As commercial banks in Lebanon reported an astonishing 9- month growth of 44 percent in 2008 and customer deposits increased by $7.5 billion in the first 10 months, it looked like the banking sector was not affected by the global financial crisis. But as time passes, inescapable challenges are beginning to emerge. “The Lebanese economy could be affected by what happens to the economies of the region,” said Lebanese Finance Minister Mohamad Shatah. The Lebanese economy will undoubtedly be affected by the ongoing global financial crisis, however, the question remains as to how these effects will take shape and to what extent they will impact the banking sector and economy at large. While some are saying Lebanon has benefited from the global turmoil, others are more cautious and waiting for the inevitable effects of the crisis to hit home. CEO of Standard Chartered Bank, Foong Pik Yee, asserts that, “It would be complacent to expect the economy of Lebanon to remain unaffected by the global slowdown, however this will be relatively unnoticed compared to the severe impact suffered by Western economies and also being noticed by Asia and some countries in the GCC.” The majority of observers seem to believe that the financial calamity affecting millions of Lebanese expatriates in the Gulf, the US, Europe and elsewhere, will reduce the amount of foreign remittances to Lebanon.
The money sent home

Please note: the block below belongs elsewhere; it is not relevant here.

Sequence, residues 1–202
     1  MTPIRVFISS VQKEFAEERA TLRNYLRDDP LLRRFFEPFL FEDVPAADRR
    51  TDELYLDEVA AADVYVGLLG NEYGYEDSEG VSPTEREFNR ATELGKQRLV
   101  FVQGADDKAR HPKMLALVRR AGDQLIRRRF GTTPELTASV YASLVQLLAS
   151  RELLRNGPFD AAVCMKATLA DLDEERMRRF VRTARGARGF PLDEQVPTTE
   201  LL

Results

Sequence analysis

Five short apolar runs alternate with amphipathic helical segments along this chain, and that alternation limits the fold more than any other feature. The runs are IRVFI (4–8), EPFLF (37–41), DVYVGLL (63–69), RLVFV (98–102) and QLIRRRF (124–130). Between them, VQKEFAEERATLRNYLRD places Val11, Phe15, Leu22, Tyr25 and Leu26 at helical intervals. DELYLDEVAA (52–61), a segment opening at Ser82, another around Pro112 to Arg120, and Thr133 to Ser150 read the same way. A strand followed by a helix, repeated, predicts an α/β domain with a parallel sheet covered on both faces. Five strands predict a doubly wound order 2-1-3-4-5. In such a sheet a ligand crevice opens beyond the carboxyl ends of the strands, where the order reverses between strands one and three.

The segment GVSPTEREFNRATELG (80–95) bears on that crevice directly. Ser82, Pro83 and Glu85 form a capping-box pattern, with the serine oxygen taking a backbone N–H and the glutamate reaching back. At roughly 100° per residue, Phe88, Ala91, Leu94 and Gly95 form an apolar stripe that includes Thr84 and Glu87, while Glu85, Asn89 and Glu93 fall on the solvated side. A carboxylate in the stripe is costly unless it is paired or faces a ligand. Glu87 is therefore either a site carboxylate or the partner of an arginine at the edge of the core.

In 2008, the remittances that poured into Lebanon reached $6 billion, “constituting an increase of four percent from $5.57 [billion] in 2007, and compared to $5.2 [billion] in 2006 and $4.9 [billion] in 2005,” stated Byblos Bank. The finance house claims that Lebanon was the 18th largest recipient of remittances in the world, coming immediately behind Indonesia, Morocco and Pakistan. Lebanon came in ahead of Serbia & Montenegro, Vietnam and Ukraine. Foreign remittances to Lebanon made up 17.4 percent of total remittances to the MENA region in 2008. According to the World Bank, estimated expatriate remittances to Lebanon in 2007 were equal to 24.4 percent of the country’s GDP — making it the fifth highest ratio in the world. Due to the global financial crisis, the influx of foreign remittances into Lebanon began to slow during the third quarter of 2008. As remittances were a major contributor to the banking sector’s sound performance in 2008, the new year “might not be as good as 2008, in view of the global recessionary environment and its potential impact on Lebanese remittances that constitute a major support for Lebanon’s economy and financial system,” noted Dr. Marwan Barakat, head of the research department at Bank Audi – Audi Saradar Group. On the bright side, the worst-case scenario, he says, is that remittances in 2009 will continue to make up more than 20 percent of Lebanon’s GDP. The World Bank, however, stated that inflows of foreign remittances “are expected to regress by 6.7 percent in 2009 in a base case scenario and to drop by 13.2 percent in a worst case scenario.” While remittances may slightly decelerate in 2009, the Lebanese banking sector is still awash with liquidity.